From The Desk Of
Vartan Gregorian: Educating “The Teaching Species”
A few nights ago, I was privileged to participate in the celebration of the 125th anniversary of Teachers College, Columbia University. It was a wonderful event that brought together philanthropy, the academy, students and educators to honor the legacy of Teachers College and its promise of advancing innovation and learning for the future. The evening also paid tribute to many of the other illustrious New York City sister institutions founded during a golden era of civic and cultural expansion, such as the American Museum of Natural History, Barnard College, the Metropolitan Museum of Art, The New York Public Library, The New York Botanical Garden, and others. A number of the founding families of Teachers College were also recognized at the event including the Vanderbilts, the Macys, the Milbanks, and the Rockefellers.
Carnegie Corporation of New York and its founder, Andrew Carnegie, were also early supporters of Teachers College, going back to personal donations from both Mr. Carnegie and his wife, Louise, in 1919 and 1920. The Corporation made its first major grant to Teachers College in 1921. Reflecting on these connections put me in mind of an essay I wrote not long ago about the centennial of Carnegie Corporation of New York. In that article, I noted that even after one hundred years, the foundation created by Andrew Carnegie was proud to be continuing his mission of advancing teaching and learning. One unexpected but rewarding result of the essay was that I received a letter from Fred Harcleroad, professor emeritus of higher education at the University of Arizona. Professor Harcleroad, a former high school teacher who was also the founding president of California State University, East Bay, wanted to share with me the impact that Andrew Carnegie’s philanthropy had on his own life both as a student and a teacher.
“As a child in the 1920s,” Mr. Harcleroad wrote, “I almost lived in one of the 2,500 Carnegie Libraries he built, in the little town of Cheyenne, Wyoming [which at the time had one 12,000 people]. ..I read many books there, wrote papers for my high school classes in history of our country, read all of the stories of the great operas, and listened to recordings of their great music...Many years later I served as a member of a joint committee established by Carnegie and Ford which was instrumental in Congress passing an International Education Act…During my professional life in higher education I earned a retirement fund from the fund he established so college faculty would not be derelict after they retired, the famous Teachers Insurance and Annuity Association.”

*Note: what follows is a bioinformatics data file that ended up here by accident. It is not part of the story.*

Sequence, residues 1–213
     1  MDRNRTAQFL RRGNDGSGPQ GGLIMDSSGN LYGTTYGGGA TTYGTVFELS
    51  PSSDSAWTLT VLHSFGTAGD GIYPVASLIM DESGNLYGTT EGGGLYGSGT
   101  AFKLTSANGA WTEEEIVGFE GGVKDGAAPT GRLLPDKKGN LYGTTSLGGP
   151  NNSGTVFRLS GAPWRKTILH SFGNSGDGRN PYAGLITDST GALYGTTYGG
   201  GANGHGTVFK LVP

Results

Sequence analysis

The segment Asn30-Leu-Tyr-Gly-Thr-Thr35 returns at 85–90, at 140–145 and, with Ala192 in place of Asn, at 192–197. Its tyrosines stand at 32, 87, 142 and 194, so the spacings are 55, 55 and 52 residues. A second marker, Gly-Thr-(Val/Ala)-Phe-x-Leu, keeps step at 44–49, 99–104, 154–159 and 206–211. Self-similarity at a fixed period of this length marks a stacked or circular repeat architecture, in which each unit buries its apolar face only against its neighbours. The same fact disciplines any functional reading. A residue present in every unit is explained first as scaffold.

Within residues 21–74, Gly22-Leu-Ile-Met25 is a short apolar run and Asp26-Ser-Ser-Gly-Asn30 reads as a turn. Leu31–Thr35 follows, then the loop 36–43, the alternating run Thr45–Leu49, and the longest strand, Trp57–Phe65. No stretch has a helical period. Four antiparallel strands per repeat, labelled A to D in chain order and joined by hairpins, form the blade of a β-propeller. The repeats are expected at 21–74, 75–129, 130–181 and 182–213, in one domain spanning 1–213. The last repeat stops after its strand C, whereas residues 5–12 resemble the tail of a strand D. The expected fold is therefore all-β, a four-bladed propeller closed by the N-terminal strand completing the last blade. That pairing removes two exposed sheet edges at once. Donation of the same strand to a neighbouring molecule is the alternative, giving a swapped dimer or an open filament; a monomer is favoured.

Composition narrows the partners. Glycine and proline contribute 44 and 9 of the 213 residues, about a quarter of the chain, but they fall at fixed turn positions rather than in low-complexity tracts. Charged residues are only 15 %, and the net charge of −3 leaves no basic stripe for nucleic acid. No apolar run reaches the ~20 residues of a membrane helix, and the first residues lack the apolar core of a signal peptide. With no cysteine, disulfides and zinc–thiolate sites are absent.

It’s important to highlight Mr. Harcleroad’s letter because it seems to me that his experiences personify how Andrew Carnegie’s great regard for teachers has contributed to bringing about the “real and permanent good in this world” that he hoped his philanthropy would help to provide. In particular, the quality of teacher education was of paramount concern to Andrew Carnegie. After all, he was a great patriot and, as he said, one of the jobs of a patriot is “...the dispelling of ignorance and the fostering of education.” How better to reach that goal than by helping to elevate the quality of teacher education and hence, the ability of excellent teachers to uplift and inspire their students? In the United States, however, there is a serious deficiency in the quality of the education and training that teachers themselves receive before they are sent into our classrooms to help prepare the next generation of Americans to meet the challenges of the 21st century, an era characterized by a knowledge-based economy and such rapid developments in technology that every field of endeavor—from business to art to health care to systems of governance and administration—is being transformed.